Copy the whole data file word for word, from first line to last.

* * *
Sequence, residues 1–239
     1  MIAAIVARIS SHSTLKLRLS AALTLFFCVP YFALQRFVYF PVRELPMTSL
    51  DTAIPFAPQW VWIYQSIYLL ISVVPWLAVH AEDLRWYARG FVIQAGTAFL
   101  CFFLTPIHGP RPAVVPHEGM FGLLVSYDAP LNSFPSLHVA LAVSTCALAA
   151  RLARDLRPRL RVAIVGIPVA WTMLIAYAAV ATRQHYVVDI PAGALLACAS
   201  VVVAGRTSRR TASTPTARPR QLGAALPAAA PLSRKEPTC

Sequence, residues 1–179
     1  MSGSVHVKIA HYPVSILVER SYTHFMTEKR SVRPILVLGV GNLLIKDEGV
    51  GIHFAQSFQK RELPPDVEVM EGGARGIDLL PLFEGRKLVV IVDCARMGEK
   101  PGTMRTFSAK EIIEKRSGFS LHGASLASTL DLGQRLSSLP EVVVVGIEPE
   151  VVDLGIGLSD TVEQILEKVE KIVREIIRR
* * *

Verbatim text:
Sequence, residues 1–239
     1  MIAAIVARIS SHSTLKLRLS AALTLFFCVP YFALQRFVYF PVRELPMTSL
    51  DTAIPFAPQW VWIYQSIYLL ISVVPWLAVH AEDLRWYARG FVIQAGTAFL
   101  CFFLTPIHGP RPAVVPHEGM FGLLVSYDAP LNSFPSLHVA LAVSTCALAA
   151  RLARDLRPRL RVAIVGIPVA WTMLIAYAAV ATRQHYVVDI PAGALLACAS
   201  VVVAGRTSRR TASTPTARPR QLGAALPAAA PLSRKEPTC

Sequence, residues 1–179
     1  MSGSVHVKIA HYPVSILVER SYTHFMTEKR SVRPILVLGV GNLLIKDEGV
    51  GIHFAQSFQK RELPPDVEVM EGGARGIDLL PLFEGRKLVV IVDCARMGEK
   101  PGTMRTFSAK EIIEKRSGFS LHGASLASTL DLGQRLSSLP EVVVVGIEPE
   151  VVDLGIGLSD TVEQILEKVE KIVREIIRR